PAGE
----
NASHVILLE—An 11-year-old rape victim in Florida, a 14-year-old ninth-grader in Texas, a sexually abused 16-year-old in Kentucky. They are among thousands of girls forced to marry adult men in the past 50 years under laws permitting such unions in most U.S. states.
“This is not about me. I survived,” 58-year-old Sherry Johnson told CBS news when Florida passed a bill March 9 limiting marriage to those 17 and older. Raped at age 9 and a biological mother at age 10, she was 11 when her own birth mother forced her to marry a man in his 20s, simply by getting a judge’s approval.
Most U.S. states permit marriage before age 18 under certain circumstances, Human Rights Watch said in 2017, when 27 states had no age limits stipulating how young a child could marry. But a growing number of legislatures are changing the laws, helped by the advocacy of victims like Johnson who have survived their abuse, divorced their husbands and learned to thrive.
A bill that would ban most underage marriages in Kentucky cleared another legislative hurdle last Wednesday, receiving unanimous approval from the House Judiciary Committee. The bill is headed to the House floor, where its passage would send it to Gov. Matt Bevin.
The bill, which passed in the Kentucky Senate by a 34-3 vote on March 7, would outlaw the marriage of anyone 16 and younger. Seventeen-year-olds could still get married, but they would need the approval of their parents and a judge.
The sponsor of Senate bill 48, Sen. Julie Raque Adams, R-Louisville, told her colleagues on the floor, “The nation has its eyes on Kentucky right now, eager to see our leaders do the right thing, and pass this legislation to prevent children from abuse and exploitation by ending child marriage.”
Christians should work to protect children from such abuses by teaching the truth of the value of women found in God’s word, said Terri Stovall, dean of Women’s Programs at Southwestern Baptist Theological Seminary in Fort Worth, Texas.
“The days of the church sticking its head in the sand (are) long past,” Stovall told Baptist Press in written comments March 14. “Churches should embrace, reinforce, and actively teach the purpose and plan God intends for marriage reflected from His word.
“The church must vocally declare that marriage was created by God as a covenant between one man and one woman for the purpose of communicating the relationship between Him and His people,” she said. “From that foundation, the church can be engaged with its people and community to be aware of what is happening around them and to come to the defense and aid of those who are being harmed.”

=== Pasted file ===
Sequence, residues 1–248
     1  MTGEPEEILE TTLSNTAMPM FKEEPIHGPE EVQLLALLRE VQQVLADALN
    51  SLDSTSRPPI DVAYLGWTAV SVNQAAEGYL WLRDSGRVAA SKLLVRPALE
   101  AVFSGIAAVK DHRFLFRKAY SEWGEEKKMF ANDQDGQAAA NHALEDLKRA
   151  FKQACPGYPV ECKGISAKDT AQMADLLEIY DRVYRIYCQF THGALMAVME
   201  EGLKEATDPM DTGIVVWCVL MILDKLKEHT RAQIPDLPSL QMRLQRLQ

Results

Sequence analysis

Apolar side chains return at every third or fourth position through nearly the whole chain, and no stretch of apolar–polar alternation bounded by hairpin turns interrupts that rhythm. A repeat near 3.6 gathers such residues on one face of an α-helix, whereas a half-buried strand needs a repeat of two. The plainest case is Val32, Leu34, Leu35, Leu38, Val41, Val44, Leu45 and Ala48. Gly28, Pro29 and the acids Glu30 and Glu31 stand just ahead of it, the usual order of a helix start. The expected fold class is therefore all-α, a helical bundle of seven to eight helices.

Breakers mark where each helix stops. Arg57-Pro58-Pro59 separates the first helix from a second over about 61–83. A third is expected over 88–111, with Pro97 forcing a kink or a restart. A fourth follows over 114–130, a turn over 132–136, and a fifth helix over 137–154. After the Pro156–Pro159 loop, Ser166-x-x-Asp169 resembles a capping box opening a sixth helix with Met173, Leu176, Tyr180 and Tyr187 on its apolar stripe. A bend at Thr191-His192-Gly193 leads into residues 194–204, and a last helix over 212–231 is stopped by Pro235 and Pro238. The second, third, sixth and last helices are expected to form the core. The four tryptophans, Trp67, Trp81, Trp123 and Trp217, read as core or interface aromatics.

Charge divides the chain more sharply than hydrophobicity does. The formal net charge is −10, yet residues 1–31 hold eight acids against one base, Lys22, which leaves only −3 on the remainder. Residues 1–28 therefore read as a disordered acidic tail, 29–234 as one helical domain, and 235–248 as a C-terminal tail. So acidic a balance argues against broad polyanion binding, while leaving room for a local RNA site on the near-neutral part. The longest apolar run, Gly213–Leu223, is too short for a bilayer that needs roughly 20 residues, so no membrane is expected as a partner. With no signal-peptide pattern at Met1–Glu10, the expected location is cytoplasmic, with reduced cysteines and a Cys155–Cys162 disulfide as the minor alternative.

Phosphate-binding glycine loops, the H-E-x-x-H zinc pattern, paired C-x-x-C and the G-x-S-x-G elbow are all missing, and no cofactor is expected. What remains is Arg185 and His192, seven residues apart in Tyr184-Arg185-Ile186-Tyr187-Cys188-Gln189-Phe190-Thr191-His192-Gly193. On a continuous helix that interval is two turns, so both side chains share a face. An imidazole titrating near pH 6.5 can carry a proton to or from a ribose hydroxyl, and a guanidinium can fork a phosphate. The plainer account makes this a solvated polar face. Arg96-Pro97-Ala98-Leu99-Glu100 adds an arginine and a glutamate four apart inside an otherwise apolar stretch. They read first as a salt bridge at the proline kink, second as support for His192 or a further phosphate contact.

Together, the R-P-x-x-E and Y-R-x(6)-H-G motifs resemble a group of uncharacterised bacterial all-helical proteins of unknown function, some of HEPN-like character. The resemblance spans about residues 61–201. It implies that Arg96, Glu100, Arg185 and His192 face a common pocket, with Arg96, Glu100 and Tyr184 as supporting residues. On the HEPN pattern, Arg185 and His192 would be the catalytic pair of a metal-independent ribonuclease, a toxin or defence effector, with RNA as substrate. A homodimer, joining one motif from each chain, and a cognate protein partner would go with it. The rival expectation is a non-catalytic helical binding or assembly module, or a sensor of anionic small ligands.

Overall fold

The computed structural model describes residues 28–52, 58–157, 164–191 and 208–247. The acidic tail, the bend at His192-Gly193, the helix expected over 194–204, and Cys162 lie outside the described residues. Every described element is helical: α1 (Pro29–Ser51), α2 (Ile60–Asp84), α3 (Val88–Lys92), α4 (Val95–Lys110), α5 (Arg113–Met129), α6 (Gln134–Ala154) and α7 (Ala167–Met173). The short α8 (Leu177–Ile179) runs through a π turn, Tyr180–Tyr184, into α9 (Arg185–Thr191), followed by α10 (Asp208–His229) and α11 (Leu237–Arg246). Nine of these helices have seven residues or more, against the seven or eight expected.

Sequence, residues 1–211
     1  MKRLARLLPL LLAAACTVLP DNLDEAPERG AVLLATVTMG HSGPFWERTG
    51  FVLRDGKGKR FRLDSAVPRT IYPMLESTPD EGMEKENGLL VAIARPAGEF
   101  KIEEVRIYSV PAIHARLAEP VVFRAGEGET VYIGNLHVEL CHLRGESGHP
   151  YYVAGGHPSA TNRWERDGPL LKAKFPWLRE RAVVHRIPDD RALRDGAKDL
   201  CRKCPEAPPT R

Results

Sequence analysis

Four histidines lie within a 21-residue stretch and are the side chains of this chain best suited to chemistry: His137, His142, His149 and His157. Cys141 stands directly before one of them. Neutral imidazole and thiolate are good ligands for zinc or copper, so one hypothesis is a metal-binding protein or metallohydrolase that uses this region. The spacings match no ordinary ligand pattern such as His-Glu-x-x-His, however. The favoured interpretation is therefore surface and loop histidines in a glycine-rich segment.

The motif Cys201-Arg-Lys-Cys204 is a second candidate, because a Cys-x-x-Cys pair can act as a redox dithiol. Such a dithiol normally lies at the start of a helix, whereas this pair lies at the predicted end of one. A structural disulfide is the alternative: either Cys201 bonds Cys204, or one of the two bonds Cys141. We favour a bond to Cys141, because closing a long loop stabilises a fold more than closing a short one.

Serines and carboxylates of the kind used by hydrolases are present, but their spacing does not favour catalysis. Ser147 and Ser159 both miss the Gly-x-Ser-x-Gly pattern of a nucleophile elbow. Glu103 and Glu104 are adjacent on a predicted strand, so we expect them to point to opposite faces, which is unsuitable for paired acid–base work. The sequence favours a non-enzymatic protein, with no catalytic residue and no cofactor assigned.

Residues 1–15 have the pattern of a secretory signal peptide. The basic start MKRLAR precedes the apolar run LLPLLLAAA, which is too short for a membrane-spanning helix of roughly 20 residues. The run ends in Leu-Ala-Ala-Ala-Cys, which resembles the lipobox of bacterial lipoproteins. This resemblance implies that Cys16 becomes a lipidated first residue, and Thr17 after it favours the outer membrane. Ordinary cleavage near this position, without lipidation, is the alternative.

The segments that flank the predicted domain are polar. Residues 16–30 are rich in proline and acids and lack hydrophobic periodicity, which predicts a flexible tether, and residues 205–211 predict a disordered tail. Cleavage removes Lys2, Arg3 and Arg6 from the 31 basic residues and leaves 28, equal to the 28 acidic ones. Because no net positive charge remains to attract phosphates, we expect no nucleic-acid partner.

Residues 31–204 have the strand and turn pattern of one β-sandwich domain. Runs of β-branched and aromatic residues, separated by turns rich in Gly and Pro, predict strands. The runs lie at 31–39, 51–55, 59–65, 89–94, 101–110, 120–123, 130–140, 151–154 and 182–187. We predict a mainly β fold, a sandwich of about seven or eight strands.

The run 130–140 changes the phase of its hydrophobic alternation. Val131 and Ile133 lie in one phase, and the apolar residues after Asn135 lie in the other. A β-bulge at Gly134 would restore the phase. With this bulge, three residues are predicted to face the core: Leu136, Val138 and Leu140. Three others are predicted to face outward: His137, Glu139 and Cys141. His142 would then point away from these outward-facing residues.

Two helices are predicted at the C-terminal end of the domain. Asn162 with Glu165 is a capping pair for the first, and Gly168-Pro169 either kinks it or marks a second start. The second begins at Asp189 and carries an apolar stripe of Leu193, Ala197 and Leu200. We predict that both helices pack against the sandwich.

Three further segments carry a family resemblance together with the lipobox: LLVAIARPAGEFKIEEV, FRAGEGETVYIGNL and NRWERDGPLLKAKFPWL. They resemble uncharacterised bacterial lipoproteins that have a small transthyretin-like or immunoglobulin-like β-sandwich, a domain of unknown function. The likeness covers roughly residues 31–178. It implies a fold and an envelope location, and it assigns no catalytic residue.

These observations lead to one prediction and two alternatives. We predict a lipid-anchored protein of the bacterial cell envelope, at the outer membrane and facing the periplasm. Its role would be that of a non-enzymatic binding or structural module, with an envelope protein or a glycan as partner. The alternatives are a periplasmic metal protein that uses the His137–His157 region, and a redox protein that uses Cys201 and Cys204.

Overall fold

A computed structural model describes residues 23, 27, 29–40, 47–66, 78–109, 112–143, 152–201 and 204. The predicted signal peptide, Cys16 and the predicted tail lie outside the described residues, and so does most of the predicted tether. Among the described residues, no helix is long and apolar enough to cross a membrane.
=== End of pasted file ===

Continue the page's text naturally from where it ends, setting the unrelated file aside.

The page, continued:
Raleigh Sadler, a Southern Baptist who fights sex trafficking and human slavery, is among many freedom advocates who equate child marriage with sex trafficking.
“The (federal) Trafficking Victims Protection Act explains that if someone is engaging in sexual activity while being under the age of 18, federal prosecutors do not have to prove that they were manipulated into the act,” Sadler emailed BP March 13. “By virtue of their age, they have been trafficked.
“With that said, as you can see the child marriage discussion is linked to the human trafficking conversation. If someone is under 18, they can be under the coercive influence of another, whether this be a parent or a boyfriend,” said Sadler, who equips churches to fight sex trafficking through his New York-based ministry Let My People Go. “We as the church should be concerned with child marriage. This isn’t just something happening overseas but something happening in our communities, even in our churches.”
According to the 2017 U.S. Census Bureau Annual Social and Economic Supplement survey, married people ages 15-17 totaled 132,000 in the U.S. While many states don’t track child marriage statistics, between 2001 and 2010 at least 3,850 children under the age of 18 married in New York, HRW said in 2017. Between 2000 and 2015 in Florida, HRW counted 16,400 children under age 18 who were married there, 80 percent of them girls.
Speaking in favor of Kentucky’s bill was Sen. Wil Schroder, R-Wilder, who said he originally wondered if this was really a problem, then did some research. “Since the year 2000, there have been 10,941 underage marriages in Kentucky,” he said. “Only seven percent involved two teenagers.”
Florida is the latest state to pass legislation aimed at limiting child marriages. Virginia led the way in passing a law to limit child marriages in 2016, followed in 2017 by California, New York, Texas and Connecticut, although Connecticut still allows marriage for those as young as 16.
Maryland, New Hampshire, Tennessee, Pennsylvania and Missouri are among states where bills limiting child marriage also are active in the 2018 legislatures and general assemblies.
Girls are disproportionately harmed by child marriage, Stovall told BP.
“The reality is even in the U.S., the vast majority of child marriages are not between teenagers, but rather are adults marrying children,” Stovall said. “Further still, many are coerced, forced, manipulated or trafficked. Even those that appear to be consensual, when one looks deeper, the picture painted often reflects more of an adult grooming or taking advantage of a young person.
“As Christians, we have the responsibility to protect the children and not turn a blind eye to anything that harms the children,” she said. (BP/WR)